I was resting on a lonely afternoon. A mother bird in a wide, round nest. The twigs are woven tight in a circle, and there are feathers still floating from where the fledglings have flown off.
My husband and I had moved our youngest off to college just weeks ago. He rarely takes a vacation and had the longing to see three of our other kids on the coast. Do a little surfing, a little fishing, with Mark, “the shark,” the surfer. He needed to catch up with Katie, her acting in community theatre, meet her new boyfriend. He’d hang out with Danika, maybe watch a movie they’d like or play the guitar, the electric, the acoustic.
Why didn’t I go? Because our oldest autistic son hates long drives. Because there wasn’t enough room in their apartment. Because someone needed to hold down the fort at our family business. It was Rob’s turn. Thanksgiving will be the time for the whole flock to be together. We’d gather around another bird and do the traditional gobble.
I was just dropping off. You know that feeling? Like your body leadening into the memory foam? My phone rang. It was my Rob. “Get ready, little Mama. Your kids are coming home.”
I’d just been in Walmart with my son, Paul, who shops and cooks for himself. I had the stark realization that I’d only had to feed myself that week. Mother Teresa said, “If you can’t feed a hundred people, then, just feed one.” That would be me. Strange. When was the last time that was the reality? College, thirty some years ago.
Hurricane Florence was spinning slowly, like a buzz saw, heading right towards Wilmington as a cat 4 or 5. Mark was taking it seriously. Forget the totally awesome waves it would produce. “I don’t mess with the ocean at this level,” he said.
The last hurricane the area saw was Hazel in 1954, and she was a doozy.
Evacuation was mandatory. Having grown up in Florida, you don’t have to tell us twice. When the meteorologists say get out, GET OUT.
It wasn’t hard to wake up. I needed to get to the grocery store and stock the pantry. My kids were coming home!
But there was a glitch. There always is. My dear mom-in-law, may she rest in peace, used to call us, “The What-Next Family.”
Danika was scheduled to fly out of the Wilmington airport Wednesday morning to see her beau in Colorado Springs. This trip had been planned for a couple of months. Okay, no worries. A 5 AM flight the next morning shouldn’t be a problem. Hurricane Florence wasn’t arriving until Thursday. This was Tuesday.
Rob, Mark, Katie, and her boyfriend Brandon arrived safely at our mountain refuge, Tuesday, mid- afternoon.
Later that day, Danika texted, “Pray for me. My flight’s been cancelled.”
Mark, in his dark, sullen wa,y said, “I had a feeling about that. I didn’t feel right about leaving her in Wilmington.”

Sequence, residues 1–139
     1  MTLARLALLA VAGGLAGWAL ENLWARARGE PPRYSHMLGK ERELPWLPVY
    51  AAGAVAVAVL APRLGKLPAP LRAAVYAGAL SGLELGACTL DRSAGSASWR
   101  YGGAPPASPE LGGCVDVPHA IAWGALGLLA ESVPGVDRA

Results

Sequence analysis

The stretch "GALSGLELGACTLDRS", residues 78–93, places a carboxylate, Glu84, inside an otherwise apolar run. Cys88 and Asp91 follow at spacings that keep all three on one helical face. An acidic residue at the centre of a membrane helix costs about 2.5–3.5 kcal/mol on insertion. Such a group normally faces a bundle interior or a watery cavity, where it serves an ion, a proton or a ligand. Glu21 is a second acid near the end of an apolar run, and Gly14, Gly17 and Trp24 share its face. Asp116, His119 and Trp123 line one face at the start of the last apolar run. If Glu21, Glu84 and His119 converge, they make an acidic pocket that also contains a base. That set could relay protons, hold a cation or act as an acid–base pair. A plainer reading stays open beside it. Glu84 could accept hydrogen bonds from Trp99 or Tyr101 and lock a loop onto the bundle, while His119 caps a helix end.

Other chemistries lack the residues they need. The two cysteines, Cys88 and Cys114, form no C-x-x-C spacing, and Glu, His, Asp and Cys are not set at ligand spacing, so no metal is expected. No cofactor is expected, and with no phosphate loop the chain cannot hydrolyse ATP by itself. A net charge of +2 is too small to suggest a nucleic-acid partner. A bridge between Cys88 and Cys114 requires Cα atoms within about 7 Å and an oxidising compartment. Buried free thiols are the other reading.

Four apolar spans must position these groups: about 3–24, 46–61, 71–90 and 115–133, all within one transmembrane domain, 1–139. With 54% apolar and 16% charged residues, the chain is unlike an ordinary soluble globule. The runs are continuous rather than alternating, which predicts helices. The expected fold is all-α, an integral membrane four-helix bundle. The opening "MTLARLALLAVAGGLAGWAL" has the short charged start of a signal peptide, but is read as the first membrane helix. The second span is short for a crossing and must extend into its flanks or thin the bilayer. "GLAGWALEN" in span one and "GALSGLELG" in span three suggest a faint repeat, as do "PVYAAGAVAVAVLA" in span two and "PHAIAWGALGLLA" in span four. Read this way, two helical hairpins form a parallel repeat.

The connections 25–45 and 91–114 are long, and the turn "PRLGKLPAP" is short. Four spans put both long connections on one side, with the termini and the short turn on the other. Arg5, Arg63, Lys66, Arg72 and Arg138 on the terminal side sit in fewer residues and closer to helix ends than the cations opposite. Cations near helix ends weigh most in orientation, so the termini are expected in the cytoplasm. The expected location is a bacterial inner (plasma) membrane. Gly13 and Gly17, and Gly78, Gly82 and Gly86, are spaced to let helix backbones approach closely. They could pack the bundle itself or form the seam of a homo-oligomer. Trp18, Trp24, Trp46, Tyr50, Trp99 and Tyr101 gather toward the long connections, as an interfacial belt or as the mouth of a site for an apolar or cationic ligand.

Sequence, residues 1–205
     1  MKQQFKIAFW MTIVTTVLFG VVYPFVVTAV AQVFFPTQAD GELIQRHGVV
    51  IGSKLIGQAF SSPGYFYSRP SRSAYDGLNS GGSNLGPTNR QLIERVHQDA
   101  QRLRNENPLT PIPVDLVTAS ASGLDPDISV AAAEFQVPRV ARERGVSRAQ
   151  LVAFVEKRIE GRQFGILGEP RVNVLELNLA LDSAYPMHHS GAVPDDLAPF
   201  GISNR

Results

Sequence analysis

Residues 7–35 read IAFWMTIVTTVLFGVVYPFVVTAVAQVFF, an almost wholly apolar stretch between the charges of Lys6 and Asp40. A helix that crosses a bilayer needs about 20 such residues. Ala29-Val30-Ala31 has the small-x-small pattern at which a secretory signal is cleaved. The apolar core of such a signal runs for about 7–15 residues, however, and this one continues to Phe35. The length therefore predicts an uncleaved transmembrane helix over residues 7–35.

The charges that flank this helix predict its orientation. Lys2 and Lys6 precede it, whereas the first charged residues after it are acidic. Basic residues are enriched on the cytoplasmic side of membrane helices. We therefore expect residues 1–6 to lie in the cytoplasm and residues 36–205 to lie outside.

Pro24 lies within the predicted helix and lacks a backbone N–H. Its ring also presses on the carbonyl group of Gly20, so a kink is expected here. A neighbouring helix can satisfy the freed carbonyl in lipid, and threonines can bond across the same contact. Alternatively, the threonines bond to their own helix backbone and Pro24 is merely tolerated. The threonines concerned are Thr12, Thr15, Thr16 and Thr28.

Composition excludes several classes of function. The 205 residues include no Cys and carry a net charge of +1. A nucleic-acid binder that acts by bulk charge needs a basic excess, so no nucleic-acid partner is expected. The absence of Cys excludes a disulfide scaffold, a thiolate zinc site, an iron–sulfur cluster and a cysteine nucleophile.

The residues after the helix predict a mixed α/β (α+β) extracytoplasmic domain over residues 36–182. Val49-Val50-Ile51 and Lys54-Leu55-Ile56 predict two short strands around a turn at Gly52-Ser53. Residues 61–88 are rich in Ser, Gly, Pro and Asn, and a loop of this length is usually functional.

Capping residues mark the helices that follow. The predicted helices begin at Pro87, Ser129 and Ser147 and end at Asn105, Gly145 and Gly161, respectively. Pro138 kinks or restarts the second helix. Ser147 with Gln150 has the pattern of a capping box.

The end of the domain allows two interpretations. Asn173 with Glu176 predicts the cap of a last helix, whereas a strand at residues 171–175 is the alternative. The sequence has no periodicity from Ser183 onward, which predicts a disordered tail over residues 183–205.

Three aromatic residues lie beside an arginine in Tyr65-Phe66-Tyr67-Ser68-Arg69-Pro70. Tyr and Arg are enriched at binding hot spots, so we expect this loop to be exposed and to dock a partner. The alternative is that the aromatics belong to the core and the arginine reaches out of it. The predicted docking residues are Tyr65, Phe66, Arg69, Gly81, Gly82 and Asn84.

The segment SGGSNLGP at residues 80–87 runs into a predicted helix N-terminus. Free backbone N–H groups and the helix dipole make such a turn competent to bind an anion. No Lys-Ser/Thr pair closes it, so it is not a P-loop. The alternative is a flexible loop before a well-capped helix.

I’m calling Danika, texting her, with no response. That is her way, though. She was planning what to do. Finally, after a couple of hours, she calls. “I’m on my way to Charlotte to stay with Kali. I have a flight out tomorrow at 11 am.” Thank God. “Please hug Kali for me and tell her I say a big Mama thank you.”
“I will, Mama.”
“I literally feel like I’m outrunning the hurricane. Like it’s chasing me,” Danika stressed.
“You really are.”
I imagined her beautiful brown hair whipping in the wind, as she drove her black car she aptly named, Shadowfax.”
I wasn’t totally at ease until she landed in Denver.
We spent a whole week with our kids. When was the last time Mark was home for a solid week? High school was the last time.
They worked at the building, patching leaks on the roof, clearing brush, helping me ship orders, developing a new game at the computer, and gathering pallets for the next truck delivery. Mark and Rob went fishing down below our house on the hill on the Hiawassee River. Katie and I drank coffee on the back deck in the mornings, amid the trees and birdsong. Katie showed Brandon around her small town, where she grew up. We ate and play-tested the new game. Rob and Brandon strummed guitar. We had serious talks here and there. The “Come to Jesus” kind.
Woven through those nested twigs, is also the Rosary. The beads of prayer make it a strong home, when the babies need to fly back to base, to strengthen their wings. I insisted on a prayer against storms from my trusty Pieta prayer booklet, in addition to our mealtime blessing.
The grandparents dropped over and we ate spaghetti, salad, a little vino and laughed and thanked God for safety, for family, for LOVE.
There’s nothing like a perfect storm to whirl us into the center eye of what is important.
Thank you, Our Lady, Star of the Sea, for guiding us mariners to port, to our lighthouse nest.
Copyright 2018 Susan Anderson